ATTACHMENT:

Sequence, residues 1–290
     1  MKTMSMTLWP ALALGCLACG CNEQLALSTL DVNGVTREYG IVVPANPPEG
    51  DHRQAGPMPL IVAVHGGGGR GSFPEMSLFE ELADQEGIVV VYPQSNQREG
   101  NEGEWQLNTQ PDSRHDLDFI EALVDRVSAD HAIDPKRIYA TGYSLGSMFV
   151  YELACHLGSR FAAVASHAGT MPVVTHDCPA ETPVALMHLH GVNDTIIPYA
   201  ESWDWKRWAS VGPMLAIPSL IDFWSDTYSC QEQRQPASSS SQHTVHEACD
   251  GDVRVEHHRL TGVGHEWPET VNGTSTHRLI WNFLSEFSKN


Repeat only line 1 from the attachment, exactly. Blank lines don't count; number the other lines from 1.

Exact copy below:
Sequence, residues 1–290